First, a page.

Gauging Mike Glennon
Thursday, February 07, 2013
There are a lot of labels thrown around during the NFL draft season. Some prospects are called “franchise” passers whilst others are considered mere “game managers”. And then there’s the group that many think they simply won’t live up to their billing. One of the quarterbacks that seems to fit into the latter for many is North Carolina State’s Mike Glennon.
Glennon is a talented passer of the football. He has a wicked strong arm that enables him to make a variety of throws, including throwing from the short hash into the wide side of the field and outside the numbers to a receiver running an outside breaking route. This type of throw has long been considered the standard for arm strength, and there’s little doubt about the N.C. State’s signal-caller ability to make it.
He also possesses other tools that make evaluators raise their eyebrows and furrow their forehead. One of these tools is to make intermediate and deep throws through the seam. This is an area that past coaches have called the easiest for quarterbacks to make throws in (former defensive coordinator Tom Olivadotti comes to mind here) but that hasn’t always been the case. Three reasons are that it requires anticipation, touch and understanding of the depth of the field. Not all quarterbacks have this ability (e.g. Chad Henne) but Glennon does.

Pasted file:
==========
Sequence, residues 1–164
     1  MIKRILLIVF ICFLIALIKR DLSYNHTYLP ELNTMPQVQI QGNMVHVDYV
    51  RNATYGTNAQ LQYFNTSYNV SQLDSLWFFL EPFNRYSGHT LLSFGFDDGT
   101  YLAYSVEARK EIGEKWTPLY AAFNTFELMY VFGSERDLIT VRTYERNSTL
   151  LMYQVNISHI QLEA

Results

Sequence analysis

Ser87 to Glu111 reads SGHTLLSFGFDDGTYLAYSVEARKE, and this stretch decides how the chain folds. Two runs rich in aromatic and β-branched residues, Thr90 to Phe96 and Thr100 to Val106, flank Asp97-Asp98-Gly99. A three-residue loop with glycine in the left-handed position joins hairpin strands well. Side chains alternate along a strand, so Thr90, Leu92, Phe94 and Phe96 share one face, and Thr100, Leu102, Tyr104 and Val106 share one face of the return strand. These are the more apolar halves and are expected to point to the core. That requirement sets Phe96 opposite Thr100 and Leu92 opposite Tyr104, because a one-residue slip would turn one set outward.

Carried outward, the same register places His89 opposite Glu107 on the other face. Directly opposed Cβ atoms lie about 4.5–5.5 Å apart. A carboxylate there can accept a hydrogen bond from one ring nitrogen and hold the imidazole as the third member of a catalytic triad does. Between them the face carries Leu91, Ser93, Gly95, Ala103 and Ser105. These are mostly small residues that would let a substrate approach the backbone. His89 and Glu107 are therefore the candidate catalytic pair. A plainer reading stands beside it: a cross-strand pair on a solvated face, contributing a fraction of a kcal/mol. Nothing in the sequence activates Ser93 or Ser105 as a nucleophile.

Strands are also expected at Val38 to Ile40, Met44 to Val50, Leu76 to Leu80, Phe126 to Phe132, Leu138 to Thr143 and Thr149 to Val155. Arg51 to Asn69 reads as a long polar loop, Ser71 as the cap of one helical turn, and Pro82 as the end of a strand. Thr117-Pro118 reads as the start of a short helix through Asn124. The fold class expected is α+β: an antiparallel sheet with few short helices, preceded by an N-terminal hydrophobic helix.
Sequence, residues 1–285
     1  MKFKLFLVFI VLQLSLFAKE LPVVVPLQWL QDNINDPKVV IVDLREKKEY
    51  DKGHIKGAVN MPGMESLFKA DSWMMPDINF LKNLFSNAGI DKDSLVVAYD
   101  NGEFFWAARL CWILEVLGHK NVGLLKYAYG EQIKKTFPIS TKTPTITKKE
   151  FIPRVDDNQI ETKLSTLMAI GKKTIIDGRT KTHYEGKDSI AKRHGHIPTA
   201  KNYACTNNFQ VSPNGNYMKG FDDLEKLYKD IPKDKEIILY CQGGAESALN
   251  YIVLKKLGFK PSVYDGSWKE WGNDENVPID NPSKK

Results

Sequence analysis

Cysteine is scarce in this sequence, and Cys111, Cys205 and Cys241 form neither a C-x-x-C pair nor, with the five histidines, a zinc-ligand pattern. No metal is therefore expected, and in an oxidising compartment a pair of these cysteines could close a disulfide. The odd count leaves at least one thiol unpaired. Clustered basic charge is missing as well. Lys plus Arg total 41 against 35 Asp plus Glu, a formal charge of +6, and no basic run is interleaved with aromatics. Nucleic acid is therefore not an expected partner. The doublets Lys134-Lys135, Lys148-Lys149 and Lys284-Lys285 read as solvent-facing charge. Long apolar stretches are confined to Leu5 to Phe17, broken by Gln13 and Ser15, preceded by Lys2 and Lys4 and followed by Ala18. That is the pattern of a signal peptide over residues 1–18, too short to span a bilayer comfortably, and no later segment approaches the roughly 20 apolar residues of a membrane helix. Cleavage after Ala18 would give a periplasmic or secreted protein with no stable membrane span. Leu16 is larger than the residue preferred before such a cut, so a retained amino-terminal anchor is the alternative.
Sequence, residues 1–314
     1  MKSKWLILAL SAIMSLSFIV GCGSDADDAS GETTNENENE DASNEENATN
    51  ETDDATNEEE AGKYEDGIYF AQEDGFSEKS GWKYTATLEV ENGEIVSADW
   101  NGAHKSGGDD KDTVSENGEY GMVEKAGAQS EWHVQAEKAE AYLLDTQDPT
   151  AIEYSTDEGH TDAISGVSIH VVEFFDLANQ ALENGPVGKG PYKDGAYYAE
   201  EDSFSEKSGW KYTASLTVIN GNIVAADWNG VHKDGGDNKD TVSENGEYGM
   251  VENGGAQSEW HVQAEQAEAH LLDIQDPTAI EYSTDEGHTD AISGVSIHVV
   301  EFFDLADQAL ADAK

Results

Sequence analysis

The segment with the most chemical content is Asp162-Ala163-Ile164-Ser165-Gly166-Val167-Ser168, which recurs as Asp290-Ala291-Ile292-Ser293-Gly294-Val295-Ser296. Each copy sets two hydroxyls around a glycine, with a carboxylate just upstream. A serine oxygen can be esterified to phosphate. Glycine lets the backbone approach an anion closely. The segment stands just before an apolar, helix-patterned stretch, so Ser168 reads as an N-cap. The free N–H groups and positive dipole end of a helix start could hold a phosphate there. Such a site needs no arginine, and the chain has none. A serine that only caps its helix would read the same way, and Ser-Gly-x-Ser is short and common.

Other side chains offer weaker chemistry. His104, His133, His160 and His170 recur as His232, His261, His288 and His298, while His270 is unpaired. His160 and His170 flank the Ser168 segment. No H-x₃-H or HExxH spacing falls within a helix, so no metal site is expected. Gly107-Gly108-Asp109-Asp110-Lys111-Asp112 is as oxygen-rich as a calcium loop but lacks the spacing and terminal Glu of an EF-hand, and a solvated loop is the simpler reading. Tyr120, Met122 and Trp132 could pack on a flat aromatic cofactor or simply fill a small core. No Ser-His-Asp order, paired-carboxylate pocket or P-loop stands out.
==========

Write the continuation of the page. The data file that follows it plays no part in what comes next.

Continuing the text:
His above skills were vital to the N.C. State offense during his reign, as he was asked to throw vertically numerous times. Unfortunately, he didn’t have the weapons to throw vertically to, and it can be argued that he did it too much, which explains his streakiness as a passer (58 % completion percentage) and the constant long down and distances he had to work with (e.g. 3rd-&-6+). This aspect of the evaluation is tricky because when a quarterback is in this kind of situation, the evaluator will convince himself that it’s not the quarterbacks fault, rather the surrounding casts. Although this is true with Glennon, his teammates and coaches are not entirely to blame for his inconsistent play.
Two issues of Glennon’s are that he doesn’t allow plays to develop long enough and he doesn’t play outside of the offense.
The development of plays, specifically routes, is an integral part to an execution of the concept. The passer has to be able to read the field, understand how the defense will react and get the ball out to the correct target. What Glennon tends to do is check the ball down to his outlet too early, consequently squashing the chance of a big pickup.
more: http://www.rotoworld.com/articles/cfb/4 ... ke-glennon